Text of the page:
SWAT Raids: When Death Doesn’t Knock

Grouped of armed men

Swatting strangers or friends over petty differences, game losses, or personal conflicts is illegal and can cause serious personal injuries or wrongful deaths. This behavior can result in criminal charges of second-degree murder or involuntary manslaughter, as well as civil liability for the person who makes the call. In some cases, the responding police officers can also become liable for the injuries or wrongful deaths that occur during a SWAT raid. The Federal Bureau of Investigation estimates that law enforcement officers respond to more than 400 swatting calls per year.

Swatting Causes Serious Harm

Swatting is a form of harassment that involves reporting a non-existent violent crime such as murder, kidnapping, or hostage situation to law enforcement so that a SWAT team will be dispatched to the home or office of a romantic rival, fellow gamer, friend, acquaintance, or a complete stranger. This is done with the intention of causing emotional, physical, or financial distress to the person who is “swatted.”

SWAT teams often inflict serious personal injuries on individuals including gunshot wounds, blunt force trauma, and chemical exposure from the use of tear gas and other non-lethal chemical agents used in typical Swat raids. These physical wounds can cause both temporary and permanent disabilities that can negatively impact an individual’s career and quality of life. These injuries can be inflicted on anyone, including the victim’s spouse, children, relatives, or friends who are in the structure at the time of the raid. In severe cases, the actions of the SWAT team can result in wrongful death. Swat raids are some of the deadliest forms of police activity and have a disproportionately high rate of wrongful deaths when compared to high-speed police pursuits, active shooter situations, etc.

Individual Liability

Victims of swatting can pursue compensation for damages from the individual who instigated the swat. Damages often include medical expenses stemming from injuries received and property damage caused when officers forced entry into the structure. Individuals may also pursue damages for lost wages, psychological counseling, and pain and suffering for themselves and others who were directly impacted by the raid.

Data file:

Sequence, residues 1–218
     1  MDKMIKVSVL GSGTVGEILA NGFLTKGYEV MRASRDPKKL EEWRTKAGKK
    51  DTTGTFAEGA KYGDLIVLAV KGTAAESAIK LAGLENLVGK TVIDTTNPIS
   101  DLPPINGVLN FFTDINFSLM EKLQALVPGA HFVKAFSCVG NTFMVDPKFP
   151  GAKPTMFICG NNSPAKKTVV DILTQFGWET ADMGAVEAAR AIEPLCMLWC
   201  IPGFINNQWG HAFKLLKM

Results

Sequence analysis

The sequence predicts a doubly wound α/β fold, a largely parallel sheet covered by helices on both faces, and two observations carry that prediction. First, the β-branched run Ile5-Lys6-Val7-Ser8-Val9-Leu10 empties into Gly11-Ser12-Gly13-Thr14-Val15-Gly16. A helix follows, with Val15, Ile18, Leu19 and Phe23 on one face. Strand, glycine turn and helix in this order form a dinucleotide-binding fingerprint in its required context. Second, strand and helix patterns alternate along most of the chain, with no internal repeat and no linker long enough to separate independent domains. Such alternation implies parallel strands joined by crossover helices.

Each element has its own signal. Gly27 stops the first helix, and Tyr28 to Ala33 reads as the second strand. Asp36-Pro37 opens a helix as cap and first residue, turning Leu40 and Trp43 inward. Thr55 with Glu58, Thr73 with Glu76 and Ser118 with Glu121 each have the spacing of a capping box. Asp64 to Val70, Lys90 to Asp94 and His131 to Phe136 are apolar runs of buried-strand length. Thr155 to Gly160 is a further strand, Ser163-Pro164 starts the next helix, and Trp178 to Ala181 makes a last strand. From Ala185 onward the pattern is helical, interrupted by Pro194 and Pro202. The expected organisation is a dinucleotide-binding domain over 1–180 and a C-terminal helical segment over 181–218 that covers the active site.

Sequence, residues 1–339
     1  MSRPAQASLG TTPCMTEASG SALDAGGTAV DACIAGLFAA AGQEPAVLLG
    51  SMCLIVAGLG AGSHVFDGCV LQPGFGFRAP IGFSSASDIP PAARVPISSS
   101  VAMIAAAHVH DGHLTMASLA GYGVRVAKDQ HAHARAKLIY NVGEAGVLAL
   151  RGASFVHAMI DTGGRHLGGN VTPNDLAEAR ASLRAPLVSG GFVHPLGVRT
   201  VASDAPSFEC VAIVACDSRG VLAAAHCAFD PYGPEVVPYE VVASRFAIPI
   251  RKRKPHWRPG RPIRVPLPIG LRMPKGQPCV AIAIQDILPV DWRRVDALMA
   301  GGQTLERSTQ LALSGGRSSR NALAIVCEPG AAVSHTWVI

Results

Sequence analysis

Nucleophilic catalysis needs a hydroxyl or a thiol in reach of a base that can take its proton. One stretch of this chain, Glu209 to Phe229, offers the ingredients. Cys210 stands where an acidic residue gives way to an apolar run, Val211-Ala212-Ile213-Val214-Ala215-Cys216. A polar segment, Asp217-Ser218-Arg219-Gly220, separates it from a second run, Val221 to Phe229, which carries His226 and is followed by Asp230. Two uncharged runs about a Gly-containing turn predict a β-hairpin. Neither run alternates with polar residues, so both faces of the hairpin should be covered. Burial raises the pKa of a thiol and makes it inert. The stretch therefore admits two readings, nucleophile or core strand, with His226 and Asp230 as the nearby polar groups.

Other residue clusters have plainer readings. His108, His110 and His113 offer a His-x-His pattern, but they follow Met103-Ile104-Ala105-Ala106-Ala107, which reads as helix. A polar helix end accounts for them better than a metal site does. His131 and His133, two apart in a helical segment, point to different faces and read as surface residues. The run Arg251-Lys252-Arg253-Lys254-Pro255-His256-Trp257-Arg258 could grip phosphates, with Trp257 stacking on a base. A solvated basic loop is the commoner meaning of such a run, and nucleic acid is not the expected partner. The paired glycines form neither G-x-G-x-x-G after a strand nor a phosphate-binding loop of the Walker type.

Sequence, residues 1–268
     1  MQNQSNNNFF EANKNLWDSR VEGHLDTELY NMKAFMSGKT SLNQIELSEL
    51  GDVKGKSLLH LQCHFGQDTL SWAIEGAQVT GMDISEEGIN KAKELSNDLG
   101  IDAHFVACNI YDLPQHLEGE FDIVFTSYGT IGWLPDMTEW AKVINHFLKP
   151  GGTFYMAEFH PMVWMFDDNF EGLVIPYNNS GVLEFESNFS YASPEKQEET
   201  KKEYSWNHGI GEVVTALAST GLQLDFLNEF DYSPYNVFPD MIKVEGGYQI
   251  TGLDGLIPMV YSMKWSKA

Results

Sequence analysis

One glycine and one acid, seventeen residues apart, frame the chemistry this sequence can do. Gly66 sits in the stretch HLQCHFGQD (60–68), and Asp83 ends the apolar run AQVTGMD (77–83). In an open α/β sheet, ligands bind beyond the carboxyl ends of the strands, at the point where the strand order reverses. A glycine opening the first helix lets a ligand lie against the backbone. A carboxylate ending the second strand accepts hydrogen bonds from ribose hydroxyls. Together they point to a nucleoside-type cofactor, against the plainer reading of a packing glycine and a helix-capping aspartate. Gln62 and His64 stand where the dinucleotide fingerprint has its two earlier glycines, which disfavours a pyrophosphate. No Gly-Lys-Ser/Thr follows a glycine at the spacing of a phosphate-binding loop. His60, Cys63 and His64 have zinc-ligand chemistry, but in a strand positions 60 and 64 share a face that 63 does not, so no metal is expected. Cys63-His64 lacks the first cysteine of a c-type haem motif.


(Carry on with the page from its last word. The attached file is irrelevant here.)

In most cases, these damages are not covered by an individual’s homeowner’s insurance policy. However, if the individual responsible for making the call has a personal liability endorsement, then these damages can sometimes be recovered from their insurance provider.

For cases involving wrongful deaths caused by swatting, individuals have up to one year from the date of the event to file their claim. For personal injuries, the statute of limitations is two years, and for property damages, the statute is five years.

Law Enforcement Liability

The Illinois Wrongful Death Act allows the survivors of those who die as the result of swatting to pursue civil claims against the officer and/or the police department. Individuals can pursue both state and federal claims for malicious intent or negligence. Police officers responding to a SWAT call are required to exercise a considerable level of due care during these situations. Establishing liability requires proving that the responding officer(s) utilized excessive force that resulted in serious bodily harm or a wrongful death.

The Evolution of the Law

The filing of false police reports is nothing new, and indeed, there are many laws on the books that identify the penalties individuals can face for making such reports. However, swatting is a relatively recent phenomenon and there are precious few laws targeted against the behavior.

In response to an increased incidence rate of swatting calls, the State of Illinois amended state law with the passage of Public Act 099-0160 which became effective on January 1, 2016. The amendment prescribes penalties including fines of up to $10,000, community service of not less than 30 days, and potential jail time for making a false report to the police. Furthermore, individuals who make such calls can be required to reimburse law enforcement for their expenses.

Stopping Swatting Before it Starts

Law enforcement is using increasingly sophisticated tools to track down swatters before their actions stemming from online disputes and personal grudges cause serious harm to innocent victims. Most swatting calls involve strangers and individuals should be cautious with sharing personal information and details online that can be used to identify an individual’s location and place of residence. This includes taking active steps to protect their online identity and the integrity of their computer firewalls and accounts. Individuals should also report online harassment and threats to law enforcement so that they may be promptly investigated. In particular, individuals who have been threatened with a swatting raid should report this information immediately.